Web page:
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Flying On Pegasus Air: Prague To Beirut

Starting the trip around the world.

Pegasus plane
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PRAGUE, Czech Republic- It’s leaving day. The second of four sessions that we’re doing in Prague between 2018-2019 is over. The next one comes at the end of February. The one after that at the end of May.

Prague is never a bad stop. There’s actually few better places to set up a base of operations in. The only downfall is the archaic internet — although it doesn’t seem as bad as Germany or Poland.

Prague is one of those cities that get better with time. It’s tough to reply make something of a big city when you try to hop of a jet for a high-pass 48 hour spiel. You just kind of sheep-in with the other tourists, spend a bunch of money while not really taking much out of the experience. Cities need to be marinated. They require time to get to know. The longer I stay in big cities the more I tend to like them.

I’m sitting in the airport in Istanbul and I become aware of the fact that I’m not really carrying any cash. I have 50 euro and 30 bucks. This makes me nervous.

While cashless has become the way to go, there is always the chance that you’re going to show up in a country and find your card blocked — sometimes the foreign transactions trigger a security hold; sometimes entire countries are blacklisted by Visa or Mastercard.

I’ve had both happen on various occasions throughout my travels — and recently in Vienna for some reason my card wouldn’t work in the ATMs. It’s never been a big deal as I’ve always had a stash of cash on me, but now I’m finding myself traveling without significant amounts of cash more and more. Sometimes I open my wallet and there isn’t anything there but a wad of small change from a dozen countries.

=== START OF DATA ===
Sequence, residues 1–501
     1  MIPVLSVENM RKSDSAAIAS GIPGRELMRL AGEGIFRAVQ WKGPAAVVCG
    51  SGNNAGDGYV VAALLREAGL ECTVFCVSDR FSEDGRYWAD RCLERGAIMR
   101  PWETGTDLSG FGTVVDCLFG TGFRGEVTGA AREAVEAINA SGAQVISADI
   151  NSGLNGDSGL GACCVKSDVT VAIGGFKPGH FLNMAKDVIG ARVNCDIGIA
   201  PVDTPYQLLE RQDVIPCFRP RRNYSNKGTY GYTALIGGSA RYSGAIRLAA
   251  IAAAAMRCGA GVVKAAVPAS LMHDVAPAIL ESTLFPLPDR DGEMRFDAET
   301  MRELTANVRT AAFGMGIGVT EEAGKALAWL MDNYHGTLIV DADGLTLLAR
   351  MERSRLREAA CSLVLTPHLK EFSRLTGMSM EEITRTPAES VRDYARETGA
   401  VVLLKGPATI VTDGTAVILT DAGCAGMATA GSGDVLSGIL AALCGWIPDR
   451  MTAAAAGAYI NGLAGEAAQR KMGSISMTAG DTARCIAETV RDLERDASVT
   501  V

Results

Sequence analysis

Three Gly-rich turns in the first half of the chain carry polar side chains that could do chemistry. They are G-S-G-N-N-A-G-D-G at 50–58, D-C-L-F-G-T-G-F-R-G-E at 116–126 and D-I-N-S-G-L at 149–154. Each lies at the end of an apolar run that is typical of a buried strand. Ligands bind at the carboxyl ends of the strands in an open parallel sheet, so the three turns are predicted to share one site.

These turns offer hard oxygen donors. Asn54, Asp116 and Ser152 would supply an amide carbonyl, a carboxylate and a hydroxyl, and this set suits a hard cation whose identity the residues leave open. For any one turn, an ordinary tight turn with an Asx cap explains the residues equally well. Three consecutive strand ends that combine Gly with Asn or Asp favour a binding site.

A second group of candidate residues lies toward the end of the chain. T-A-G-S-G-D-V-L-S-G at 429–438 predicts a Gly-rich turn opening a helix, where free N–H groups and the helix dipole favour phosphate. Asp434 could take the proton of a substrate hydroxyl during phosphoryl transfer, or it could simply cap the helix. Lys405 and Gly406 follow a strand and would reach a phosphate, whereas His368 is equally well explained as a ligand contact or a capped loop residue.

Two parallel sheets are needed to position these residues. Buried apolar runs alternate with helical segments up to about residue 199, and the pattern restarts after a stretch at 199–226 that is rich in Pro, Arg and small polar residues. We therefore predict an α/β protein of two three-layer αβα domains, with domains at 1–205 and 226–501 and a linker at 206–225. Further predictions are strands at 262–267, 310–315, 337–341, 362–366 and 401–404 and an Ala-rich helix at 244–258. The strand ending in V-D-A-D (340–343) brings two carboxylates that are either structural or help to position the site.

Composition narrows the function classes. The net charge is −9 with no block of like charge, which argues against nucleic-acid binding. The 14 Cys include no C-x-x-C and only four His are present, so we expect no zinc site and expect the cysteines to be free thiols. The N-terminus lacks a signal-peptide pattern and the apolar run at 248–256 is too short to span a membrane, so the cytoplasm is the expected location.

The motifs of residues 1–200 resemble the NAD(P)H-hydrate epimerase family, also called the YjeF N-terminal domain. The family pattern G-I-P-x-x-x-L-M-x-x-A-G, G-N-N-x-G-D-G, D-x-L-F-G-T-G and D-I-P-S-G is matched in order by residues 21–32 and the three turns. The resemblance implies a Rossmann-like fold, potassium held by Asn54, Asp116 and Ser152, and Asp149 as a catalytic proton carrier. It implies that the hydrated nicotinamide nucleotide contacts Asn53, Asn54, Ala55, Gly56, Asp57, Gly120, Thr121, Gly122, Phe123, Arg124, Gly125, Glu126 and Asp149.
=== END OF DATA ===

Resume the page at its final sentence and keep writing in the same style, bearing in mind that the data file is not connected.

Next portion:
I also have to get a visa on arrival in Beirut. I didn’t bother to check how much it costs. Could be 20 bucks. Could be $200. Could be free. I have no idea. Do they accept cards?

I’ve become nonchalant in my travels. While this means I move through the world in a curious, relaxed manner, it also means that I could find myself in a jam due to a lack of preparation.


There isn’t much to report about the Pegasus Air flight. This is a Turkish budget airline that doesn’t build a business model on incidental fees that come from tricking or outright scamming passengers — like Wizz Air, the world’s worst airline. You buy your ticket through their site, add on baggage if needed, and that’s it.

Filed under: Air Travel, Czech Republic

About the Author:

I am the founder and editor of Vagabond Journey. I’ve been traveling the world since 1999, through 91 countries. I am the author of the book, Ghost Cities of China and have written for The Guardian, Forbes, Bloomberg, The Diplomat, the South China Morning Post, and other publications. has written 3703 posts on Vagabond Journey. Contact the author.

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VBJ is currently in: New York City

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